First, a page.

But look what another believer did in Psalm 117 with such faith-generating truth. This singer is no bigot, no racist, no patriot that confuses rabid nationalism for love of country and nation and no self-centered worshiper. He knew he was part of God’s chosen people but he knew something about his God that needed to be told to the entire world! He must have had his tough times like everyone else; he might well have had long stretches of agony when the first half of Psalm 22 was most often in his mind and speech and then came to experience the last half of Psalm 22. It would have been when he had come through the long scalding experience and not only survived [see Psalm 124] but was filled with a new experience of God, His power to save and His faithfulness—that’s when he would have jumped up in the middle of the congregation and said, “I have something I must sing.” And he sang this for his people but—more importantly, more immediately and directly—for the world!
Praise the Lord, all nations
Extol Him, all people.
For His kindness overwhelms us,
And the Lord’s steadfast truth is forever.
Hallelujah.     (Alter’s Translation)

He calls on all the peoples and nations of the earth to praise God—Yahweh! And why should they? What reason does this believer give the entire human family to praise Israel’s God? Here it is, “Because His kindness overwhelms us.” His kindness overwhelms Israel—that’s a reason for the entire world to sing His praise? It’s clear the psalmist had a richer understanding of God than many of his fellows. He and the little woman in Matthew 15 had much in common.
This psalm is about the experience of the People of God as a whole and it’s about the non-Jewish nations as a whole. It’s cosmic in scope, it’s humankind in breadth; it’s about the God and Father of all of us and the psalmist says, “Look at us and learn about Him. About Him! Like you, we’ve been in and through trouble but here we are (Isaiah 43:1-7)—alive and well. In his goodness to us and his sustaining covenant faithfulness He speaks a message of His faithful love to you. Rejoice in Him. Rejoice in Him because His kindness overwhelms us.” Rejoice in the one true God that is the God of His chosen People because He is the God of the entire world and He has called His People to tell the world that He is for them also!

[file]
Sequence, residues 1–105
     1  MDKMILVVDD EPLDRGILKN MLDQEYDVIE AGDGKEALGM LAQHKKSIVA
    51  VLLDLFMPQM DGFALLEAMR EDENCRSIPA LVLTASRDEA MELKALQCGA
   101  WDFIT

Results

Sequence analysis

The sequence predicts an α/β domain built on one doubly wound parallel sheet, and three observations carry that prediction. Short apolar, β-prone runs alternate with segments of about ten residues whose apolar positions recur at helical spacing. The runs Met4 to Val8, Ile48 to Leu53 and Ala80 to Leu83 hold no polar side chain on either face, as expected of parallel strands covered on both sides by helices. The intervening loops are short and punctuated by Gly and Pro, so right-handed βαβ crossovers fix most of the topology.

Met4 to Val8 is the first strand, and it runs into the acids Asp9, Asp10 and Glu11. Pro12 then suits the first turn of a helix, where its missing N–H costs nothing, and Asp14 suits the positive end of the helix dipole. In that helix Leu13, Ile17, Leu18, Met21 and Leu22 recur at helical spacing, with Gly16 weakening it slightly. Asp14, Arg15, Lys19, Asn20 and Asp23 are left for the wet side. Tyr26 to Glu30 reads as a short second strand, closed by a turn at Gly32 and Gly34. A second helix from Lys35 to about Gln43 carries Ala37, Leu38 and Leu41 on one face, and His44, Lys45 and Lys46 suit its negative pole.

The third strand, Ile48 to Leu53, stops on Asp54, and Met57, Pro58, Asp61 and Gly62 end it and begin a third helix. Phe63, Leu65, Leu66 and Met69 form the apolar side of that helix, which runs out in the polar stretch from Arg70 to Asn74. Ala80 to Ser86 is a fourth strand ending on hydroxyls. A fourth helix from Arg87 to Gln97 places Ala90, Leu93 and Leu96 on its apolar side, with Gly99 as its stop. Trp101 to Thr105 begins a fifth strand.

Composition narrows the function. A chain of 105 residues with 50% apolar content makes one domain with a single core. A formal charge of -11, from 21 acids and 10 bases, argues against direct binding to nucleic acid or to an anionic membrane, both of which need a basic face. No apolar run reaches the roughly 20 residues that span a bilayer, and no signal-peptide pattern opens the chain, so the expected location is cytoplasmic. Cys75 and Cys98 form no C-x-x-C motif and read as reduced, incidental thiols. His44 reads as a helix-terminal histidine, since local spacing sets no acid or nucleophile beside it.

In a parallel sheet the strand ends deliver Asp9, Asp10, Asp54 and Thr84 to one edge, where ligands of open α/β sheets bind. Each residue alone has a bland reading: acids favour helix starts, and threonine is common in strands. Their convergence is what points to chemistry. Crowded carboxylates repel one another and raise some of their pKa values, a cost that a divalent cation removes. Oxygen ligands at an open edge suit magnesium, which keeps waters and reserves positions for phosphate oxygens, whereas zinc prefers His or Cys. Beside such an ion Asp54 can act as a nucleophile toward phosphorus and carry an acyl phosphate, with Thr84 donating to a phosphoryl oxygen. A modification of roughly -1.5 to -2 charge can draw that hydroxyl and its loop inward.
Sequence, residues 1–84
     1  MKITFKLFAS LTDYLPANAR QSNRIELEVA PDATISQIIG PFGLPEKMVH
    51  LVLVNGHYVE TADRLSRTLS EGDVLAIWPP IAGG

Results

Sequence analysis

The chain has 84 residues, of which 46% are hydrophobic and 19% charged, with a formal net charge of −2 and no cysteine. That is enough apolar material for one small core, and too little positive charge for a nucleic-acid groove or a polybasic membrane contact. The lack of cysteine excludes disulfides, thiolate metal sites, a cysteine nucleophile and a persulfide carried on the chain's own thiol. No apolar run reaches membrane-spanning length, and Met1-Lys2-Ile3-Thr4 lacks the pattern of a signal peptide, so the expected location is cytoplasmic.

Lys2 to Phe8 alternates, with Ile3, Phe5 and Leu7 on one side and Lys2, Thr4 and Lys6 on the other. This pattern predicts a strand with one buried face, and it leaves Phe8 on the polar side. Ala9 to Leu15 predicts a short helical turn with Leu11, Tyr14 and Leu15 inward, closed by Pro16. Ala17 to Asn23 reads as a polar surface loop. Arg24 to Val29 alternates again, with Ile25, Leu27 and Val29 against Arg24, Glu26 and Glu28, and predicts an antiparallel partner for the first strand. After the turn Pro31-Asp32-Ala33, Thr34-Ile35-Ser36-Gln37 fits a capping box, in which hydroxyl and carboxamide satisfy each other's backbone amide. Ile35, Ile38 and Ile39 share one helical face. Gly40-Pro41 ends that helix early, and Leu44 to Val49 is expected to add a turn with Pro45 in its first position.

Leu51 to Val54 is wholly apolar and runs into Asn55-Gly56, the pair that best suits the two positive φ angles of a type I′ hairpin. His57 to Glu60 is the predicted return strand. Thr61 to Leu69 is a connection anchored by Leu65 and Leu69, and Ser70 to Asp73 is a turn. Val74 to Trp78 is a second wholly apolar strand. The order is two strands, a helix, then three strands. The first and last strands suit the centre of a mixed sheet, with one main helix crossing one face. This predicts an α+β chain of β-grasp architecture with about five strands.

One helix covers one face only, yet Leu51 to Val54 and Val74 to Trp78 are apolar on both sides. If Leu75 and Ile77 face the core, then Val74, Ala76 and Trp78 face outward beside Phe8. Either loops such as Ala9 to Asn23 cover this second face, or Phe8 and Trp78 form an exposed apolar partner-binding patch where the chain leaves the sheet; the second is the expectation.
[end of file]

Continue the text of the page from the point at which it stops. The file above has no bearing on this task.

Tell that to the NT Church and to the abused and plundered and kept-ignorant people of the world! Give them a song to sing!

(Holy One, we thank you for showing us in the Lord Jesus what holiness is—for showing us that it isn’t a stiff-arm aloofness and forever forbidding. Thank you for showing us in Him, in His permanently choosing to be a human, living, dying and dealing with the Sin of the entire world—thank you for showing us what grace is. Thank you for calling out an elect People to tell that good news to a plundered, tormented world and give them something and Someone to believe in and to sing about. Help us to be faithful to our hope-bringing and joy-bringing message about Thyself so that we will not stuff ourselves with more and more while millions of Lazaruses lie dying all over our world.)

This entry was posted in REFLECTIONS ON THIS AND THAT on by .

About Jim McGuiggan

Jim McGuiggan was Ethel's husband for fifty-three years. They have three children and eight grandchildren. Ethel went to be with Christ on Easter Sunday, 2009 at the close of a gallant life. He has written some books including: Celebrating the Wrath of God; Heading Home with God; Life on the Ash Heap; Jesus: Hero of Thy Soul; The God of the Towel, The Scarlet Letter; and The Dragon Slayer.


  1. Earl Bridges

    Thank you Jim for these precious thoughts showing us and proving that the Older Testament is still so applicable today. God never changes. I have always appreciated your wise thoughts, but sadly haven’t kept up with them for some time. Trust that you are well and pray that Yahweh will continue to bless and use you for His Glory.